10th September is World Suicide Prevention Day, an annual awareness event established to raise awareness about suicide across the globe and to work together to prevent it. In some locations it is also World Suicide Prevention Month.
To help those in with suicidal thoughts, where do you start? What do you say? Who do you talk to? How do you make it more than a one-off?
The wonderful Mates in Mind Charity has a range of resources to help the individual, colleagues/family and employer find a path through this most sensitive of subjects.
Employers can play a critical role in helping to prevent suicides. Clearly, there is a moral case, but there is also a strong business case, which demonstrates that prevention needs to be at the heart of changes to organisational culture.
Organisations can build a culture of prevention incorporating strategies, tools and support across their employee base, which support their employees' mental health and wellbeing at work.
This, combined with improved awareness and understanding, opportunities for further education around both suicide prevention and mental health and a commitment to improvement from across the organisation, can all produce a workplace culture geared towards ongoing prevention.
Employers can empower their workforces to have difficult yet important conversations about mental health and suicide by creating an open and inclusive culture. If employees are supported with the awareness and understanding of how and where they can get support, in an environment where they do not feel judged or restricted by stigma, they will feel more able to get the support they need.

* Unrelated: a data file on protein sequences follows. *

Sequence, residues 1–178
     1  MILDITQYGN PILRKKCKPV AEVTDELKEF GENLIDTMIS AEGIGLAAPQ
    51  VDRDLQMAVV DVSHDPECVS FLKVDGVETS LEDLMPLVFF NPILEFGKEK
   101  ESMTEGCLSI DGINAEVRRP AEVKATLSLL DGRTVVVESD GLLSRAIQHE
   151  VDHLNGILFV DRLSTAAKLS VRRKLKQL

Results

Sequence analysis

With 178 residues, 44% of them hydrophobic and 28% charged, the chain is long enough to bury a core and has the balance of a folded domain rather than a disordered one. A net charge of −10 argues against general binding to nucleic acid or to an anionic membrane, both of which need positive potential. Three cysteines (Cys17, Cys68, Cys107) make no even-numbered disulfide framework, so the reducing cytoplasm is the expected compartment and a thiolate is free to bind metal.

A workplace culture where conversations are encouraged, and mental health and wellbeing are being proactively supported and destigmatised by employers, can be crucial in tackling these complex challenges.
It's is important to take a joined-up, holistic approach as both mental ill-health and suicide are highly complex issues, impacted by a number of factors from across individuals lives.
Mates in Mind has developed an employer’s action plan that we fully support, to enable employers to change the way they think, talk and tackle mental health within their organisation, to support the positive mental wellbeing of their employees at work.
General awareness: By improving general awareness about mental ill-health and suicide, organisations can begin to challenge the stigma around the topics. This may include:
Start the conversation: Depending on the context of your discussion, there are many ways the conversation can be started in work. This may include:
Discuss the topic using sensitive and inclusive language:
Lead by example: When seeking to drive a meaningful change, it is crucial that those at a director/ manager level within an organisation show that they are actively supporting good mental wellbeing in the context of work. This may include:
Access to, and signposting available services: By making sure you are clear what benefits and support are available directly to staff or workers in your organisation or elsewhere. This may include:
Training: By attending training, individuals can develop the necessary understanding and skills to help support how they think, talk and promote better mental health. Individuals from across all roles within an organisation can benefit from training such as:
Duradiamond Healthcare is an Occupational Health Physician-led provider, serving organisations across the UK and Republic of Ireland. We can help, with expert guidance and advice on policy and implementation. Speak to us today.
Read our article on how you as an individual can make a difference.